Konstantin Korotkov developed a technique similar to Kirlian photography called "gas discharge visualization" GDV. Korotkov's web site promotes his device and research in a medical context.
The experiments captured corona discharge images of subjects' fingertips while the subjects wore sleeves of various natural and synthetic materials on their forearms. The results failed to establish a relationship between human contact with the textiles and the corona discharge images and were considered inconclusive. The NPI had a laboratory dedicated to parapsychology research and staffed mostly with volunteers.
The lab was unfunded, unsanctioned and eventually shut down by the university. Toward the end of her tenure at UCLA, Moss became interested in Kirlian photography, a technique that supposedly measured the "auras" of a living being.
According to Kerry Gaynor, one of her former research assistants, "many felt Kirlian photography's effects were just a natural occurrence. Paranormal claims of Kirlian photography have not been observed or replicated in experiment by the scientific community. Kirlian believed that images created by Kirlian photography might depict a conjectural energy field, or aura , thought, by some, to surround living things.
Kirlian and his wife were convinced that their images showed a life force or energy field that reflected the physical and emotional states of their living subjects.
They thought that these images could be used to diagnose illnesses. In , they published their first article on the subject in the Russian Journal of Scientific and Applied Photography. A typical demonstration used as evidence for the existence of these energy fields involved taking Kirlian photographs of a picked leaf at set intervals. The gradual withering of the leaf was thought to correspond with a decline in the strength of the aura.
In some experiments, if a section of a leaf was torn away after the first photograph, a faint image of the missing section sometimes remains when a second photograph was taken. However, if the imaging surface is cleaned of contaminants and residual moisture before the second image is taken, then no image of the missing section will appear.
The living aura theory is at least partially repudiated by demonstrating that leaf moisture content has a pronounced effect on the electric discharge coronas; more moisture creates larger corona discharges.
As a result, the changing water content of the leaf can affect the so-called Kirlian aura. Kirlian's experiments did not provide evidence for an energy field other than the electric fields produced by chemical processes and the streaming process of coronal discharges. The coronal discharges identified as Kirlian auras are the result of stochastic electric ionization processes and are greatly affected by many factors, including the voltage and frequency of the stimulus, the pressure with which a person or object touches the imaging surface, the local humidity around the object being imaged, how well grounded the person or object is, and other local factors affecting the conductivity of the person or object being imaged.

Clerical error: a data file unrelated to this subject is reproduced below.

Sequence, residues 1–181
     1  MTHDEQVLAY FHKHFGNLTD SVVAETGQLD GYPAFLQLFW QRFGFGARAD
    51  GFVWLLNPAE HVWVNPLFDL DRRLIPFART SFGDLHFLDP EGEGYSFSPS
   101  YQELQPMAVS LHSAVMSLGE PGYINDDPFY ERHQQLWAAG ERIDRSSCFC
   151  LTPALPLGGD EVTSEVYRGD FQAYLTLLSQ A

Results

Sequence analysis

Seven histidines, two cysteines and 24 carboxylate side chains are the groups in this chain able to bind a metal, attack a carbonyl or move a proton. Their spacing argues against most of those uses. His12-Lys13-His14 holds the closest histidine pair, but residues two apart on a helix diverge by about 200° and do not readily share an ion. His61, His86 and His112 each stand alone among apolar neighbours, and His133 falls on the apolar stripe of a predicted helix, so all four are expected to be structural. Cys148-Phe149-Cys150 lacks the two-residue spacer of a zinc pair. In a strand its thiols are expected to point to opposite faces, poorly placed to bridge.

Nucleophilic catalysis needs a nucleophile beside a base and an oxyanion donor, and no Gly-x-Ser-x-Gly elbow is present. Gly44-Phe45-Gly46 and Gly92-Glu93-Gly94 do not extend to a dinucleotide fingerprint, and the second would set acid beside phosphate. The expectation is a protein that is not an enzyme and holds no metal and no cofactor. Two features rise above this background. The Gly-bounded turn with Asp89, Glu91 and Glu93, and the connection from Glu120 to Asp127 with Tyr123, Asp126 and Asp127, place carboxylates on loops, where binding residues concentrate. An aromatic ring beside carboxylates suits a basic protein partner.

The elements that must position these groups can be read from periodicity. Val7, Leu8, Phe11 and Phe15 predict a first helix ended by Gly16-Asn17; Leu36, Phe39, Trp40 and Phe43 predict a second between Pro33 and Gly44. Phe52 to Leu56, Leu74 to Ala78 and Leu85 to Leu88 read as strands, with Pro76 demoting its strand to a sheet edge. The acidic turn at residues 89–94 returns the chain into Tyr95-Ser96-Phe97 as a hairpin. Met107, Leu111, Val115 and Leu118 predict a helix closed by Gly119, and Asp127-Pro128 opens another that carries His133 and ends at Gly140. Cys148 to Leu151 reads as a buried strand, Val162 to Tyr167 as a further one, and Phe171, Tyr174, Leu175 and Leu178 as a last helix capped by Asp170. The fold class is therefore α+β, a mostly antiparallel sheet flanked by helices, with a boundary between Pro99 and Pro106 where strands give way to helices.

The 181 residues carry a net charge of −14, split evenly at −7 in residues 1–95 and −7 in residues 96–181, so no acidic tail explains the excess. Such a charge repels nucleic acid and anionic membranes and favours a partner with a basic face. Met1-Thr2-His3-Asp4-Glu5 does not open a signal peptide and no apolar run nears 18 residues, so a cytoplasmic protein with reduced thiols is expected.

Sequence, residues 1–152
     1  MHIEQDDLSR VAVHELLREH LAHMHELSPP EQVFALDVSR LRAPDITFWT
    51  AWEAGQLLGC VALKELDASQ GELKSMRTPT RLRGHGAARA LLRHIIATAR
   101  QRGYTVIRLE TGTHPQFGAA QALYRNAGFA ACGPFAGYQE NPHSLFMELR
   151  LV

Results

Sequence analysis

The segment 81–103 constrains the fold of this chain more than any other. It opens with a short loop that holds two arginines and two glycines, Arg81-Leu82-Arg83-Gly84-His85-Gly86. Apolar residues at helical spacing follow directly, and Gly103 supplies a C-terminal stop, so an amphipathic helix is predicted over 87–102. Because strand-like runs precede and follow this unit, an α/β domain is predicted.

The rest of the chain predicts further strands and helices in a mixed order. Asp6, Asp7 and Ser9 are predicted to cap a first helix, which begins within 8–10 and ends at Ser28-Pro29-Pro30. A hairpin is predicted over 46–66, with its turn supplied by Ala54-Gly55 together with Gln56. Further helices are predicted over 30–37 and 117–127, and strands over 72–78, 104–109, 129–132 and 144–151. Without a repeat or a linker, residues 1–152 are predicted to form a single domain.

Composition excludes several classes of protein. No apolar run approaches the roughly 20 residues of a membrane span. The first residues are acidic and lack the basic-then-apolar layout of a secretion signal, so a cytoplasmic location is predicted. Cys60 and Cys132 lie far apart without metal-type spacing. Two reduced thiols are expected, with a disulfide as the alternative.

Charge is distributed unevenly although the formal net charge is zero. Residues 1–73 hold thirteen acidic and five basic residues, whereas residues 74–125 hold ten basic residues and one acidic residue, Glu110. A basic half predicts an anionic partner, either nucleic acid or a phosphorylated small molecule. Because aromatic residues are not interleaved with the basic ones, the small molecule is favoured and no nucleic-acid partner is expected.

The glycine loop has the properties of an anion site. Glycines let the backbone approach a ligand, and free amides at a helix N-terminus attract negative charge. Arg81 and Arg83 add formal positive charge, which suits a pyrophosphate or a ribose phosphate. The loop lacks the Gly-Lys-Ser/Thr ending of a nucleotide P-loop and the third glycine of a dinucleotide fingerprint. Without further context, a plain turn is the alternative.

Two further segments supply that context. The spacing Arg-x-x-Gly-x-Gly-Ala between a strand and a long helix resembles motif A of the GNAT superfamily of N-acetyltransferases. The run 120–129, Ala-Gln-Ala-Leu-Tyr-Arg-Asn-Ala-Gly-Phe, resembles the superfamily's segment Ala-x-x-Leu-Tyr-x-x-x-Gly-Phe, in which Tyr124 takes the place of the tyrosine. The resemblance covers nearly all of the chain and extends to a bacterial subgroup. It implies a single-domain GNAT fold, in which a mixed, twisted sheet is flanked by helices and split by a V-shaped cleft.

Oils, sweat, bacteria, and other ionizing contaminants found on living tissues can also affect the resulting images. Scientists such as Beverly Rubik have explored the idea of a human biofield using Kirlian photography research, attempting to explain the Chinese discipline of Qigong.
Qigong teaches that there is a vitalistic energy called qi or chi that permeates all living things. Rubik's experiments relied on Konstantin Korotkov's GDV device to produce images, which were thought to visualize these qi biofields in chronically ill patients.
Rubik acknowledges that the small sample size in her experiments "was too small to permit a meaningful statistical analysis". Kirlian photography has appeared as a fictional element in numerous books, films, television series, and media productions, including the film The Kirlian Force , re-released under the more sensational title Psychic Killer. Kirlian photographs have been used as visual components in various media, such as the sleeve of George Harrison 's album Living in the Material World , which features Kirlian photographs of his hand holding a Hindu medallion on the front sleeve and American coins on the back, shot at Thelma Moss's UCLA parapsychology laboratory.
From Wikipedia, the free encyclopedia. For other uses, see Electrography disambiguation. Typical Kirlian photography setup cross-section. Play media. Some sources state that he was Polish, rendering his name Jacob Jodko-Narkiewicz. Introduction to electrography: A handbook for prospective researchers of the Kirlian effect in biomedicine. Leonard's Associates. Journal of Applied Physics. Bibcode : JAP Bioelectrography, a new method for detecting cancer and monitoring body physiology.
Apr Radiotekhnika I Elektronika. Bibcode : RaEl The Scientific Basis of Integrative Medicine. Kirlian Photography. In George O. Abell , Barry Singer. Science and the Paranormal. A Study of the Kirlian Effect. Skeptical Inquirer The Scientific Review of Alternative Medicine. Archived from the original on March Lodz, Poland. Retrieved 26 August Man, Myth and Magic.
The body electric: a personal journey into the mysteries of parapsychological research, bioenergy, and Kirlian photography. News, A Closer Look. Retrieved 25 August Poptronics 16 : Poptronics 15 :